Sunday, May 07, 2006

Sources at odds; turf war, Wilkes fallout cited in CIA chief's exit

The resignation of CIA Director Porter Goss came just a day after the head of the House Intelligence Committee said an independent investigator may review Poway defense contractor Brent Wilkes' relationship with CIA officials.

Sources close to the intelligence community strongly deny that the work of the independent investigator – or recent news coverage of Wilkes' parties with CIA officials – caused Goss to quit.

They say the resignation had more to do with a turf war between Goss and his immediate supervisor, John Negroponte, director of national intelligence.

But some sources said Goss' position as head of the CIA was weakened by the latest bout of negative publicity surrounding Wilkes, whom federal prosecutors have identified as a co-conspirator in the bribery case of former Rep. Randy “Duke” Cunningham.

Reports in The San Diego Union-Tribune and The Wall Street Journal last week revealed that the FBI is probing whether Wilkes hired prostitutes on behalf of legislators who visited his hotel suites in Washington, D.C.

At the time, Wilkes was lobbying for contracts on Capitol Hill.

Through his attorney, Wilkes denied hiring prostitutes. Wilkes' suites at the Watergate and Westin Grand hotels were used for several purposes, including weekly poker games with high-ranking CIA officers such as his longtime friend
Kyle “Dusty” Foggo, the third-highest officer in the CIA.

Goss's ties to the Cunningham/Wilkes investigation have taken precedence in the media's reporting regarding his resignation. The media should also drudge up (pardon the pun) the fact that
on the morning of 9/11/01, Porter Goss was having breakfast with General Mahmoud Ahmad of Pakistan.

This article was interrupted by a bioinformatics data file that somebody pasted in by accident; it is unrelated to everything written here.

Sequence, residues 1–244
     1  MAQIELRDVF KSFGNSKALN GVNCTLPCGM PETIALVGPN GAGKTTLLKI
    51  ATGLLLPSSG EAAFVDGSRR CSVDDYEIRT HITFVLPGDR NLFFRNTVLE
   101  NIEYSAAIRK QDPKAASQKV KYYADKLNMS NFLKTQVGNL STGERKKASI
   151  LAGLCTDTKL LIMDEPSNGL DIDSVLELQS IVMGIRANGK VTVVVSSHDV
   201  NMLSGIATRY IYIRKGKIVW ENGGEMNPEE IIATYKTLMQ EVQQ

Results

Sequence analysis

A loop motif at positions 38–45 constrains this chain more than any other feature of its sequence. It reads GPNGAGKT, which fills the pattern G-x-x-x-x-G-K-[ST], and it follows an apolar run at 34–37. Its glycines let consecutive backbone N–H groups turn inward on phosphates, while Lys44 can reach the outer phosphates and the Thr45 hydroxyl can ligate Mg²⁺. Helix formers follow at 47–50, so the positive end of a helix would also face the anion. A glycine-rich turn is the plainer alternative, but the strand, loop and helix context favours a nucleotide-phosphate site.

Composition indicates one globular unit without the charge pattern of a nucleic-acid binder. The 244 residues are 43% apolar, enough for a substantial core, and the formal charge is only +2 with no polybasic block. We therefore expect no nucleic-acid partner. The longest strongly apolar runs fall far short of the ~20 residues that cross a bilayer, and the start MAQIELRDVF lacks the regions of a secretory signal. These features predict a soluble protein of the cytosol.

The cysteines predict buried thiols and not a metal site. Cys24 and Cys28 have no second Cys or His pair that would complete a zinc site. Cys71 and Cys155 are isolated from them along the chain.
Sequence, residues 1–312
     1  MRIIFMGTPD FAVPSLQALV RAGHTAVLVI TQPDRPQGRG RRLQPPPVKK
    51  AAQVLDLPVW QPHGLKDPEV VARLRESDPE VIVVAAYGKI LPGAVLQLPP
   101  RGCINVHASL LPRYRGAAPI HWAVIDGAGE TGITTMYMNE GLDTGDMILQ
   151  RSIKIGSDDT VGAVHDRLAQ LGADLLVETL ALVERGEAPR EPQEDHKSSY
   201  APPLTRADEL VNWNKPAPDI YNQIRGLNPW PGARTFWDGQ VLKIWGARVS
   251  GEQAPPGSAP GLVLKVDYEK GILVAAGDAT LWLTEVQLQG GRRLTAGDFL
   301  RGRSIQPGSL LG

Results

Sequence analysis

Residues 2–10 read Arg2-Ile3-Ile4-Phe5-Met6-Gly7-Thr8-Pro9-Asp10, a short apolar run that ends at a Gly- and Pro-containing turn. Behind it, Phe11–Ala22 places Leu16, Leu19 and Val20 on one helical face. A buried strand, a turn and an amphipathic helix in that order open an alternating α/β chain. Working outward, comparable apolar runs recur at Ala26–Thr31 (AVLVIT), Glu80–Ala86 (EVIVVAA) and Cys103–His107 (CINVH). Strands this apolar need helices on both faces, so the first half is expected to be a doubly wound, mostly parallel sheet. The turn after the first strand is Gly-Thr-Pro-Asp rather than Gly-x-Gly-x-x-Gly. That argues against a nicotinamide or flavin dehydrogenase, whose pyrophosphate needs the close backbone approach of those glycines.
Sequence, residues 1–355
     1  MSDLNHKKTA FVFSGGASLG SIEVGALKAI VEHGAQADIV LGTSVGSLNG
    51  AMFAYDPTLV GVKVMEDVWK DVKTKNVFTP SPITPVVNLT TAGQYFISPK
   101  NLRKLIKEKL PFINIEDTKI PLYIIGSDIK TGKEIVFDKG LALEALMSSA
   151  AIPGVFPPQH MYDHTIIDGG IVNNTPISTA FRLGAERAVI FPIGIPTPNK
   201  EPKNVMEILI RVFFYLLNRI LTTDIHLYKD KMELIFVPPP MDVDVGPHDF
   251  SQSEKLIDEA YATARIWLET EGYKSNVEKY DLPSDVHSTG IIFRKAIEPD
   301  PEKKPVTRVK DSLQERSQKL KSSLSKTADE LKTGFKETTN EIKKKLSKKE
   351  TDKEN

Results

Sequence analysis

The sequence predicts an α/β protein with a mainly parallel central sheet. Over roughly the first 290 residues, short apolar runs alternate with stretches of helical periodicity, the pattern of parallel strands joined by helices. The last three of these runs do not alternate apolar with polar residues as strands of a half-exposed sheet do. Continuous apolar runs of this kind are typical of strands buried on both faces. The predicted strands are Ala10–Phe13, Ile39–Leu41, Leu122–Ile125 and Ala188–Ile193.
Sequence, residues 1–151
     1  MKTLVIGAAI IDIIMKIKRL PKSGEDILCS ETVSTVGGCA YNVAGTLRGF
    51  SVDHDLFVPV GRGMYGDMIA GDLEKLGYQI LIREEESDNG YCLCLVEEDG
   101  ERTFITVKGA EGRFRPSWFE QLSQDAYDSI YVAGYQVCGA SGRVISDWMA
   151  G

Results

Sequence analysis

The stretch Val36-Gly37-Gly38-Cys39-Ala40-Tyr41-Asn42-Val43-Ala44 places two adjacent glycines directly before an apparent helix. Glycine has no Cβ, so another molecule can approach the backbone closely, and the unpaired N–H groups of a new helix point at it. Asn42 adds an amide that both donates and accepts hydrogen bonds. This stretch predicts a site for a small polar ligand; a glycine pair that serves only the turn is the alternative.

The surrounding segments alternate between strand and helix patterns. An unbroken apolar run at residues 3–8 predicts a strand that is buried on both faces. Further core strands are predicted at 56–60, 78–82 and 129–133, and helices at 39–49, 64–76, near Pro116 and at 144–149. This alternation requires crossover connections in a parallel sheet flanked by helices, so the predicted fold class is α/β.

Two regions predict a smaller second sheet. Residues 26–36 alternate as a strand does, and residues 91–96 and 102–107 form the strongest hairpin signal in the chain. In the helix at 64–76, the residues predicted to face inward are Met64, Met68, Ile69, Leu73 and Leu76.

Ahmad was the Chief of the Pakistani intelligence service, the ISI, who
ordered $100,000 deposited into the Florida bank account of one Mohammed Atta. Oddly, George W. Bush personally ordered that Mahmoud not be investigated.

An deeper look at the ISI and 9/11

It is expected that Lt. Gen. Michael V. Hayden, former head of the NSA, will replace Goss at the CIA. [Hayden's Bio]

Hayden had been intrumental in the Bush administration's illegal wiretapping of American citizens, and in perpetuating what was once known at
Total Information Awareness.

From a
12/19/05 press briefing regarding the NSA wiretaps:

Q Can you assure us that all of these intercepts had an international component and that at no time were any of the intercepts purely domestic?

GENERAL HAYDEN: The authorization given to NSA by the President requires that one end of these communications has to be outside the United States. I can assure you, by the physics of the intercept, by how we actually conduct our activities, that one end of these communications are always outside the United States of America.

April 6, 2006 Alberto Gonzales implies that Hayden was lying:

Attorney General Alberto R. Gonzales suggested on Thursday for the first time that the president might have the legal authority to order wiretapping without a warrant on communications between Americans that occur exclusively within the United States.

And, on
December 20, 2005 the New York Times proves it:

A surveillance program approved by President Bush to conduct eavesdropping without warrants has captured what are purely domestic communications in some cases, despite a requirement by the White House that one end of the intercepted conversations take place on foreign soil, officials say.


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